FMC to merge with Sebi on Monday4 min read . Updated: 27 Sep 2015, 07:19 PM IST
This is the first major case of two regulators being merged, as against the relatively more frequent practice worldwide of creating new regulatory authorities
Mumbai: In the first ever merger of two regulators, over 60-year-old Forward Markets Commission (FMC) will merge on Monday with the younger but much bigger capital markets watchdog Securities and Exchange Board of India (Sebi) to create a unified regulatory body. Sebi was set up in 1988 as a non-statutory body for regulating the securities markets, while it became an autonomous body in 1992 with fully independent powers. FMC, on the other hand, has been regulating commodities markets since 1953, but lack of powers has led to wild fluctuations and alleged irregularities remaining untamed in this market segment.
The commodities market has been known to be more prone to speculative activities compared to the better-regulated stock market, while illegal activities like “dabba trading" have also been more frequent in this segment. Besides, the high-profile NSEL scam has rocked this market in the recent past and the subsequent regulatory and government interventions in this case eventually led to the government announcing FMC’s merger with Sebi. Taking forward the announcement made by finance minister Arun Jaitley in his budget speech earlier this year, FMC would be merged with Sebi with effect from Monday.
The merger would be consummated at a function which is to be attended by Jaitley, along with Sebi Chairman U.K. Sinha and other top officials from the government and the regulatory bodies. This is the first major case of two regulators being merged, as against the relatively more frequent practice worldwide of creating new regulatory authorities, including by carving out new bodies from the existing entities. Ready to regulate commodity trading, Sinha has cautioned small investors against coming for quick gains through speculation in this market, saying this is “risky" and requires a lot of technical expertise.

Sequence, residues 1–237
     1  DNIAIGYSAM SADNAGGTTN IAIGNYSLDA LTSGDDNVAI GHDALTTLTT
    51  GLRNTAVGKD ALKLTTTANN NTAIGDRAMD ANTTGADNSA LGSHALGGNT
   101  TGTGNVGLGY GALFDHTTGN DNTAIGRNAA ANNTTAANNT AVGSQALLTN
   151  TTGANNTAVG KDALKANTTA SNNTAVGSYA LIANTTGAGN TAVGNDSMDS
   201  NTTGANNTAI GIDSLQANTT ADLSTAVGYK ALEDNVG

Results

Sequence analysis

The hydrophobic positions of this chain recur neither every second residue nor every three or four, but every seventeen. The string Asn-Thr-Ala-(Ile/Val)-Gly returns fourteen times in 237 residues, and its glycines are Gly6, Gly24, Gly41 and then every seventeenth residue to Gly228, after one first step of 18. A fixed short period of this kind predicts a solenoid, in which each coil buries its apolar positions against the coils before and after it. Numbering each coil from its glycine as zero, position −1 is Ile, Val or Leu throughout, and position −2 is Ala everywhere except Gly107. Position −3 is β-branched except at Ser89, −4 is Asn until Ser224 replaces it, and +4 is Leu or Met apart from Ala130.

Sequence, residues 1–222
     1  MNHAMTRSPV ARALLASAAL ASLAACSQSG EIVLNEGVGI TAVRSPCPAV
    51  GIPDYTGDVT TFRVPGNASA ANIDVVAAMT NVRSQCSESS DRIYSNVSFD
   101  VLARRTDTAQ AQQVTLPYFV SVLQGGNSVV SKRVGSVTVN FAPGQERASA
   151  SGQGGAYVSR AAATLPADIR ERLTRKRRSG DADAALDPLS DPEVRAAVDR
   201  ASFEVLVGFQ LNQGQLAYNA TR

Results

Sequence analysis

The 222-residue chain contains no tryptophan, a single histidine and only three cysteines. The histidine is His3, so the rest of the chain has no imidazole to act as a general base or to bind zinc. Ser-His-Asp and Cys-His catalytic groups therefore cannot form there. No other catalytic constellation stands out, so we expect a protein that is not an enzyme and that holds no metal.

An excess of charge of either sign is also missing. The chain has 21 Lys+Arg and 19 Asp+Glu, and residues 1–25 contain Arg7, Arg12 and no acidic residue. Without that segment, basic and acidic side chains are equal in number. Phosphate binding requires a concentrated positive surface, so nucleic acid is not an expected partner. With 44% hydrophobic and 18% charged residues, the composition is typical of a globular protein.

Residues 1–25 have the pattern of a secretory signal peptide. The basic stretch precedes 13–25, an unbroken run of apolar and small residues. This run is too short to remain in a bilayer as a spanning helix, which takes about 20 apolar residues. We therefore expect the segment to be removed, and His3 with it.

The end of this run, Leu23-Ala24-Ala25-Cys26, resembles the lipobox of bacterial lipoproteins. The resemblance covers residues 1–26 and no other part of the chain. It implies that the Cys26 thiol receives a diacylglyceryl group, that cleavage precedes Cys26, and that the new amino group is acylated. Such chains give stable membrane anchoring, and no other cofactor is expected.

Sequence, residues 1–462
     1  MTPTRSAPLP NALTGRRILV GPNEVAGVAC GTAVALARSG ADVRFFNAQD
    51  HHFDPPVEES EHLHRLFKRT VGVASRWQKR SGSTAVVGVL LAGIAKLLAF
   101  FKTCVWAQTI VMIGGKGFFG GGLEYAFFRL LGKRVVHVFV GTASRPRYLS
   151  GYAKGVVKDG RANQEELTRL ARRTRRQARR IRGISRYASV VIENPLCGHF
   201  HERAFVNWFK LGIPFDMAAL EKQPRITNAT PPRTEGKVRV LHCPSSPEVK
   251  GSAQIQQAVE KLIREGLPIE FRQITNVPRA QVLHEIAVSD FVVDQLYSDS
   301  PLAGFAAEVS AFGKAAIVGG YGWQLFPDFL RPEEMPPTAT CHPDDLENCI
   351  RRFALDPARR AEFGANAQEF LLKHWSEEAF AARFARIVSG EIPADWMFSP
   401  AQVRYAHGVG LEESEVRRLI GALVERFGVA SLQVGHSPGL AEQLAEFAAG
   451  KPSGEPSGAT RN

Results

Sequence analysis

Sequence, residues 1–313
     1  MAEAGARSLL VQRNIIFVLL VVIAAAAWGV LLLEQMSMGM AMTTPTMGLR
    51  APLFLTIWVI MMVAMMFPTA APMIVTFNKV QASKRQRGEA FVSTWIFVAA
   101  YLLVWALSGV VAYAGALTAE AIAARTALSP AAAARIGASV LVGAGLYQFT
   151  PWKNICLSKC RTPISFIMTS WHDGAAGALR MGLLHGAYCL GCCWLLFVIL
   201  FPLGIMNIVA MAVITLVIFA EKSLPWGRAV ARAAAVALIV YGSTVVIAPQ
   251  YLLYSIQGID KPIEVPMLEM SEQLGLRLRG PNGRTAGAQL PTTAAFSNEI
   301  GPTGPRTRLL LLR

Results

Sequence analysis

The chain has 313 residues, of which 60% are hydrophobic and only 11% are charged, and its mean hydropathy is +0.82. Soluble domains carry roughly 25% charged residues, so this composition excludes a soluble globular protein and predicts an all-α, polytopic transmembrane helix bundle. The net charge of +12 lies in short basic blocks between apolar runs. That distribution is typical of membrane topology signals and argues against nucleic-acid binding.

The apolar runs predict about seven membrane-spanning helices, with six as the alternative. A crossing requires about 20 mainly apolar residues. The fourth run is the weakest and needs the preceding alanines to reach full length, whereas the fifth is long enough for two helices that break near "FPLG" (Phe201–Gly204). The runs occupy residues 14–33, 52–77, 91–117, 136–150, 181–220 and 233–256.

“People will come and tell you that with a small margin, you can make a lot of money. Do not fall into the trap," the Sebi chairman had said, even as he asserted that the capital markets watchdog was fully prepared to begin regulating commodities trading and all necessary safeguards would be put in place to keep the scamsters and manipulators at bay. Sinha said his message to the small investors would be to keep away from the commodities market as it was meant for the experts and for those seeking to hedge their risks.
“If you put your hard-earned money into this market, it may not be ultimately good for you. The commodities market is for those who are experts in this space. For non-experts, it is a risky area," the Sebi chief had said in an interview. FMC’s merger with Sebi is aimed at streamlining the regulations and curb wild speculations in commodities market, while facilitating further growth of the market. At present, there are three national and six regional bourses for commodity futures in the country. Together, all the exchanges clocked a turnover of nearly ₹ 60 lakh crore in 2014-15, from over ₹ 101 lakh crore in the previous fiscal.